May 15, 2014 | Featured Web Article

Rose-breasted Grosbeak, a Welcome Backyard Visitor

A medium-sized songbird with a large, seed-crushing bill, the rose-breasted grosbeak spends the breeding season in deciduous woods across the northern portions of North America. It winters in the Neotropics.
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If you live in eastern North America, now is a great time to be watching for rose-breasted grosbeaks in your backyard. These colorful, cardinal-sized songbirds pass through backyards across the southeastern United States en route to their breeding grounds farther north. They spend the winters in the Neotropics and fly across the Gulf of Mexico each spring to breed.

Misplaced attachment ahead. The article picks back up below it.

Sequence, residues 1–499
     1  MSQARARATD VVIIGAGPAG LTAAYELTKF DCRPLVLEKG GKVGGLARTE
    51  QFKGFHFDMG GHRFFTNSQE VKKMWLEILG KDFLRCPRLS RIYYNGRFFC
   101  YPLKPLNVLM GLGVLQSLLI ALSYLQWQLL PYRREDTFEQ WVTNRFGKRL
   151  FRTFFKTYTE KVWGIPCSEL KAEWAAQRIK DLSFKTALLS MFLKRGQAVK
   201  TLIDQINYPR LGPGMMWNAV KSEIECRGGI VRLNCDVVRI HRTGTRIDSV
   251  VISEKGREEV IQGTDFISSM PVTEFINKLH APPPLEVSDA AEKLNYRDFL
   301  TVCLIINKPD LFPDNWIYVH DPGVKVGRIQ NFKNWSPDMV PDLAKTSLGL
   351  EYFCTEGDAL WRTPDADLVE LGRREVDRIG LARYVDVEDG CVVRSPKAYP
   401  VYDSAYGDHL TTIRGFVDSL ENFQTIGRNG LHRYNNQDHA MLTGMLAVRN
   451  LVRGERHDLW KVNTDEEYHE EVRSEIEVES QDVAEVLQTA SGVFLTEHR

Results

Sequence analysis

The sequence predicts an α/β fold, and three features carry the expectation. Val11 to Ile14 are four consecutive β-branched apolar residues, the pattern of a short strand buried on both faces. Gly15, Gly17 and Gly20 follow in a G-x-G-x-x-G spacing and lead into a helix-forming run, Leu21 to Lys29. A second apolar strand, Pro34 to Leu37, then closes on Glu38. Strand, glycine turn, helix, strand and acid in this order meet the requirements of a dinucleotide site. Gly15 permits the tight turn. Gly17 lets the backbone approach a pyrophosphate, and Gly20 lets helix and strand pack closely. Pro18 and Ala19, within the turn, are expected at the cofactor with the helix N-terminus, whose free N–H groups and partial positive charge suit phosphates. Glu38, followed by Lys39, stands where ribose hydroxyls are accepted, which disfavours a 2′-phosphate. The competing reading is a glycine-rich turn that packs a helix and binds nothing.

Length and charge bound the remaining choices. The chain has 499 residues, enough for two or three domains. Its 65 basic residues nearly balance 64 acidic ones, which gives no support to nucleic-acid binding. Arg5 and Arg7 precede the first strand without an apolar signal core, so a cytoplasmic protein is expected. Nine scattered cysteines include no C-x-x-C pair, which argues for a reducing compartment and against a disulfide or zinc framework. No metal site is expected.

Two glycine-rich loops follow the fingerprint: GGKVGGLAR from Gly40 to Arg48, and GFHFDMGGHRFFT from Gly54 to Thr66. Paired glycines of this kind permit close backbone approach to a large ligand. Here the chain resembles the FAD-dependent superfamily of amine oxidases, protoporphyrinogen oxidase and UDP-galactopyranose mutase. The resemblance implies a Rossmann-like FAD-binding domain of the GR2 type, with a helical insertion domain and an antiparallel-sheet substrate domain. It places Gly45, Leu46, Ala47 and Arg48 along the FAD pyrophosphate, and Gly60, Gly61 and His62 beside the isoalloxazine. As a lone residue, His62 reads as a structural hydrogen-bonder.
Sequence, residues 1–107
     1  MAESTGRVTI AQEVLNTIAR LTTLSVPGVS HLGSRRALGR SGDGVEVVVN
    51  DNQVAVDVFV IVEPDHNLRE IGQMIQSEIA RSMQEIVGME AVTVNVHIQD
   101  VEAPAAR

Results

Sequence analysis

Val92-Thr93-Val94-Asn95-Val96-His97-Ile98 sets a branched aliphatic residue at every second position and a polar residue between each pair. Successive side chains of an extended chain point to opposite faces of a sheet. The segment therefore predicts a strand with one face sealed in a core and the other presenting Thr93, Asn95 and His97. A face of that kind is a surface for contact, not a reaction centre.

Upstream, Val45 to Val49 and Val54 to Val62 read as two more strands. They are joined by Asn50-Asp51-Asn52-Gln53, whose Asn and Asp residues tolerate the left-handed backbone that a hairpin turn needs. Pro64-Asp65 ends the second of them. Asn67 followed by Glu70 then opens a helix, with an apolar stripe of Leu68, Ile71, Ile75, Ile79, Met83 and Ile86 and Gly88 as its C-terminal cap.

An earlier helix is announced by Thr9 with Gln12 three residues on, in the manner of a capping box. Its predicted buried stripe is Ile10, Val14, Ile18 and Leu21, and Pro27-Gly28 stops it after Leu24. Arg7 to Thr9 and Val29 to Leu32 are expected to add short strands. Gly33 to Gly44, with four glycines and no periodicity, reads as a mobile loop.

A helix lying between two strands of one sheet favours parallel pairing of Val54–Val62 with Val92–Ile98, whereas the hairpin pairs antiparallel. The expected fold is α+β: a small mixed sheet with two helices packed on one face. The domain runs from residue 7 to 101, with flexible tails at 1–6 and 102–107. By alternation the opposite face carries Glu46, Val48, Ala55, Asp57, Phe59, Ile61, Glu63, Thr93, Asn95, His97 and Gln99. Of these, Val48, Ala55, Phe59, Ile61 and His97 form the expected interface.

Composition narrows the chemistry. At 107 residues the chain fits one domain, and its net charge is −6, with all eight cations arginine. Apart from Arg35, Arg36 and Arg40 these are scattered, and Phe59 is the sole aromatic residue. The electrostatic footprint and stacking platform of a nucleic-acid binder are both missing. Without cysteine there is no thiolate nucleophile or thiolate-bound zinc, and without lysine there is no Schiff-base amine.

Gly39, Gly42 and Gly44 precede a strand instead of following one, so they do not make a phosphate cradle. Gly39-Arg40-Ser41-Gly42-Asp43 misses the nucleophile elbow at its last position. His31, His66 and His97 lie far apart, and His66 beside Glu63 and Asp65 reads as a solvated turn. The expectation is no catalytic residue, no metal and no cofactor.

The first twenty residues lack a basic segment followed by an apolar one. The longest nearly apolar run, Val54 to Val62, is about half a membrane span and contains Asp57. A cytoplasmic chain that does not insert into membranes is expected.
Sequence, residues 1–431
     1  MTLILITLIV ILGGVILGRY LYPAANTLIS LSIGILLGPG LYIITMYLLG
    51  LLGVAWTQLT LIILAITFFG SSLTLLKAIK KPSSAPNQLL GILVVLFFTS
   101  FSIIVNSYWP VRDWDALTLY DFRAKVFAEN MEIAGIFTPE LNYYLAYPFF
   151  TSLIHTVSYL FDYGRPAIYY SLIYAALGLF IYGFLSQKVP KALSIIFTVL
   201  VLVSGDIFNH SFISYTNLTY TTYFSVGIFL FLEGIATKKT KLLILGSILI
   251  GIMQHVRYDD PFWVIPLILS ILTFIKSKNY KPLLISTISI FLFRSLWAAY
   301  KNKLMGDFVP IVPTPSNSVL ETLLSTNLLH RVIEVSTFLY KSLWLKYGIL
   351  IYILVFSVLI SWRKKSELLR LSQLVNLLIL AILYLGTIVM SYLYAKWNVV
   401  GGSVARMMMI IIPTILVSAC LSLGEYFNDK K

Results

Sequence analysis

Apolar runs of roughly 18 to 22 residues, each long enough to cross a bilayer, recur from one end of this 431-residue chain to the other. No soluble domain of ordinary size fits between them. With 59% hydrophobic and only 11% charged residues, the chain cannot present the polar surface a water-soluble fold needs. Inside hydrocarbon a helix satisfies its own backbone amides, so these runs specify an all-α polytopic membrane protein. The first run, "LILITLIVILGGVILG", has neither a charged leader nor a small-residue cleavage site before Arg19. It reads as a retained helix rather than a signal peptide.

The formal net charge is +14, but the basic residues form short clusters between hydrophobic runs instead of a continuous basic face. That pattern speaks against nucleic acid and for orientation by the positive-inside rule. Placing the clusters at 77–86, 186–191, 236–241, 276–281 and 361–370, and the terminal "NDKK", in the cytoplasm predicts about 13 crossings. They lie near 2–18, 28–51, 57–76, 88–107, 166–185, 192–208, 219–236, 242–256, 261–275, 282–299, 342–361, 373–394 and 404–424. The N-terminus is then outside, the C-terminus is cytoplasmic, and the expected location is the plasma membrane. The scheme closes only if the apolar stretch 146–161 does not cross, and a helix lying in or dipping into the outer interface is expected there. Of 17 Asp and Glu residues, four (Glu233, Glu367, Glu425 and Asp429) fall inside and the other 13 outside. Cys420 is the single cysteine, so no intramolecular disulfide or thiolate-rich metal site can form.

If you live in the northern portions of North America, you may be lucky enough to host rose-breasted grosbeaks throughout the summer. These birds prefer mature deciduous forests for breeding. Learn to recognize the male's warbling, robin-like song »

Here is a video of a few rose-breasted grosbeaks chowing down at a feeding station in southern West Virginia in early May 2014. Grosbeaks eat black-oil and striped sunflower seeds at feeders.

Two male (center and far right) and one female (far left) rose-breasted grosbeaks at a backyard bird feeder in West Virginia.

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